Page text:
In the 1500’s the horseradish was native to central Europe. In German, it is called “meerrettich” or sea root. “Rattish” means root in German, coming from the Latin word for root, Radix. “Meer” refers to the region it was grown, by

the sea. Many believe the English mispronounced the German word “meer” and began calling it “mareradish”. Over time, marer became mare which eventually changed to horse. The “horse” component of the name is also thought to be attributed to the


large size and coarseness of the root. Although similar in sound to the German meer, the Hebrew word used is maror, coming from the root mar, which means bitter. The Talmud includes horseradish in its list of vegetables that are permitted

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for use as maror for the seder. The qualifications include: it should be bitter and be a vegetable that grows from the ground (pri adama) and not from a tree (pri eitz). I also found a story or perhaps a legend that the name is derived from using horses to stomp on the roots in order to soften them up before grating them. It is interesting to note that when a horse ingests horseradish root, a component in the plant, called sinigrin, is converted into mustard oil which is especially toxic for horses. Most sources concur that when the components (vitamin C, asparagine, resin and sinigrin) are ingested by humans, albeit in small quantities, they can have positive medicinal effects. Other names given to horseradish in the late 1500’s were mountain radish, German radish, red cole and stingnose – to denote it’s hot-spicy taste and effect when eaten. Origins

The Egyptians knew about horseradish as far back as 1500 BCE. Early Greeks used it as a rub to combat lower back pain. According to Greek mythology, horseradish was described as being worth its weight in gold for its therapeutic properties. Pliny the Elder, (BCE 23-79) a Roman naturalist and author of Encyclopedic Naturalis, mentions horseradish under the name Amoracia and recommended it for its medicinal qualities. Although horseradish has been cultivated for thousands of years and thought to cure various ailments from bronchitis to influenza to the common cold and even headaches, it was only in the 16th century that it became a more common food item.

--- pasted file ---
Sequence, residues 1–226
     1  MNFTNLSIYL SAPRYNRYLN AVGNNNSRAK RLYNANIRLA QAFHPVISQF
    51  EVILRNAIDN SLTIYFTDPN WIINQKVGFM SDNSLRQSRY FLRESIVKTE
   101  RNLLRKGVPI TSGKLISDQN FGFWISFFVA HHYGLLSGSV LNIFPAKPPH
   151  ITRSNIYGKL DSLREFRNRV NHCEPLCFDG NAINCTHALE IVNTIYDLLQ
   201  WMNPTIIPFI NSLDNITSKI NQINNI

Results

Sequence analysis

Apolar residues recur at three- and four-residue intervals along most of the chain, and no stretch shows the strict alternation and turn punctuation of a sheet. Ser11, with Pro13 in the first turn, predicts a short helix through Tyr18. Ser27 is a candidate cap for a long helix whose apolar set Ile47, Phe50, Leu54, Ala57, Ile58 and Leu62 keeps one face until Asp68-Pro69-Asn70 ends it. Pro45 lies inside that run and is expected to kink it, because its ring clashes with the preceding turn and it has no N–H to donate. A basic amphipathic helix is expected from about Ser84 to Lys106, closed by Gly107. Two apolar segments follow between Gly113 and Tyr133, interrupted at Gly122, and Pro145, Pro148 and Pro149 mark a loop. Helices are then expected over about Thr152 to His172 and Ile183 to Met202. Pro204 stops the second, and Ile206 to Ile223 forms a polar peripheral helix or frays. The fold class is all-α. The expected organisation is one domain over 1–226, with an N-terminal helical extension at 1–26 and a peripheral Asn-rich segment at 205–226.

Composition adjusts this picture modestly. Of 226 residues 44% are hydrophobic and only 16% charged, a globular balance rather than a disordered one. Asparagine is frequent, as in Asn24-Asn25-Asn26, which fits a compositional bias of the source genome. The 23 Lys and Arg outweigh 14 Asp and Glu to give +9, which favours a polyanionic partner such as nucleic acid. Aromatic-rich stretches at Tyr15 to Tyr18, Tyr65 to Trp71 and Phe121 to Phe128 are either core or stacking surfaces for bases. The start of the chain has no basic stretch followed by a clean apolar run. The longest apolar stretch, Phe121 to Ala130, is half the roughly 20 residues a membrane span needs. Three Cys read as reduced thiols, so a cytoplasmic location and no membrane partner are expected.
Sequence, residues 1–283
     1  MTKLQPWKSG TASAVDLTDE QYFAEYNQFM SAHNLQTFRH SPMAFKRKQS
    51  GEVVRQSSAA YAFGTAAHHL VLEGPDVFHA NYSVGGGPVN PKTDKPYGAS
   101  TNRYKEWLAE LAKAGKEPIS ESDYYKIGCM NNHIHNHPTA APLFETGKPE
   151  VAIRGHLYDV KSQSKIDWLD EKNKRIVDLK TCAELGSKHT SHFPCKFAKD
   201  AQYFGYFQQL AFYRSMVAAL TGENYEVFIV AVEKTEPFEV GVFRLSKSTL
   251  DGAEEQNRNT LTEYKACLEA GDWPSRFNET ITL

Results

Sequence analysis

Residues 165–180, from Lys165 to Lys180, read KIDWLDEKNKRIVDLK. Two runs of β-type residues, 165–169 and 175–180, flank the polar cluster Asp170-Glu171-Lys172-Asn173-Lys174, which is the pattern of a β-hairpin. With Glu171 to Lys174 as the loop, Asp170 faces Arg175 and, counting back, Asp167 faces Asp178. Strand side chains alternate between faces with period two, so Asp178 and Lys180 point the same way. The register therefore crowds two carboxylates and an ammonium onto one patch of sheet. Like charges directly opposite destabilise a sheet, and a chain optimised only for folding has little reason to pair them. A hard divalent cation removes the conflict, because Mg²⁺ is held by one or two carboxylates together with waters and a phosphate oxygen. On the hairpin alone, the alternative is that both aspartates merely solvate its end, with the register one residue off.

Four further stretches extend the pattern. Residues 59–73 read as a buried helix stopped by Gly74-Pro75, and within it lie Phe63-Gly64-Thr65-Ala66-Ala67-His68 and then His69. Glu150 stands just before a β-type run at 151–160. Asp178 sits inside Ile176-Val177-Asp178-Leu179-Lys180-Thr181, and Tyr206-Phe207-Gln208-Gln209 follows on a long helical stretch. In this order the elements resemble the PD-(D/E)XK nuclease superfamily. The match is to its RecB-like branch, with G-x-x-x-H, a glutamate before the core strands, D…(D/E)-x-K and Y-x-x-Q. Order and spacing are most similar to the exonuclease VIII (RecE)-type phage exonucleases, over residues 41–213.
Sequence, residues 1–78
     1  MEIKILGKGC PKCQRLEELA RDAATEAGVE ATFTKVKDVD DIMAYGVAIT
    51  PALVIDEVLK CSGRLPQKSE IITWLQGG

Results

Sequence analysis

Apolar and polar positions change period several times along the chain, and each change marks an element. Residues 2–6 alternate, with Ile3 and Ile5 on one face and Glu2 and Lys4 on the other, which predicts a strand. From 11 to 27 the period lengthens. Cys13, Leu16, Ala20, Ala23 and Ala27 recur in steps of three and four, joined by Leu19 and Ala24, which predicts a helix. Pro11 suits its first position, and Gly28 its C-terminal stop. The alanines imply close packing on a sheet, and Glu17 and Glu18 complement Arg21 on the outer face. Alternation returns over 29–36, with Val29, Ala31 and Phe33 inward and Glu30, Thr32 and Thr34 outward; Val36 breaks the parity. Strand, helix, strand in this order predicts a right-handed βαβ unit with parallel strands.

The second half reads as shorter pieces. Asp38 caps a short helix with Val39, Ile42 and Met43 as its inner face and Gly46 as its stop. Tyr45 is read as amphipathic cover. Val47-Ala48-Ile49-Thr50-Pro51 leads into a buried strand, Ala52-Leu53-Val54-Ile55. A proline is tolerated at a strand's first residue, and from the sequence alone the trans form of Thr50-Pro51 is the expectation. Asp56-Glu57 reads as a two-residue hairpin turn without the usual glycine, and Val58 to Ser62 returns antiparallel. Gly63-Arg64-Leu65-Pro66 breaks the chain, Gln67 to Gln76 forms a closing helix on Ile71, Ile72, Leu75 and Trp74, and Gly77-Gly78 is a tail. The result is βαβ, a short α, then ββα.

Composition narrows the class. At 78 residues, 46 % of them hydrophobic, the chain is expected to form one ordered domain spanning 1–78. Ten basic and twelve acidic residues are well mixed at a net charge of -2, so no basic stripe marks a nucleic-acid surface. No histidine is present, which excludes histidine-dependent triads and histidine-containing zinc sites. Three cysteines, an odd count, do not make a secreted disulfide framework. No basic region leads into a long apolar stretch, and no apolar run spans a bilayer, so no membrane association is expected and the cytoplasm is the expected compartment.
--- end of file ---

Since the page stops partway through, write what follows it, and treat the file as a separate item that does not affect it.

It was given the Slavic name chren which in Yiddish it is still referred to today – chrayn. The gastronomic element of horseradish is thought to have begun in Central Europe. From there it later spread to Scandinavia, Western Europe and England where it became quite a popular condiment by the mid 1600’s. Coming to America

Horseradish arrived in America with the European settlers in the 1800’s. Beginning in the Boston area it was grown in various regions until it found its future home in the Midwest in 1850. By the end of the century, horseradish became a booming industry in Illinois and Wisconsin, the plant thriving in the potash rich soil. After the World War II, farmers in California also began to grow horseradish commercially but to date the horseradish capital of the world remains Collinsville, Illinois where at least 60% of the world’s supply is grown. The “Bitterness” factor

When horseradish is grated, or cut, its cells rupture, releasing an enzyme known as myrosinase. This enzyme quickly reacts with another compound to form allyl isothiocyanate, the chemical that provides

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horseradish with its characteristic sharpness. If it is left in this form, this reaction quickly ends and the horseradish loses pungency. With the addition of vinegar, commercially prepared horseradish can last much longer without losing its punch. Acetic acid preserves the root’s sharp flavour by slowing down the activity of the myrosinase, therefore creating in a more constant and gradual production of the potent compound allyl isothiocyanate. It is worth noting that allyl isothiocyanate, has been found to kill E. coli, Listeria and other food-borne pathogens. Wasabi Substitute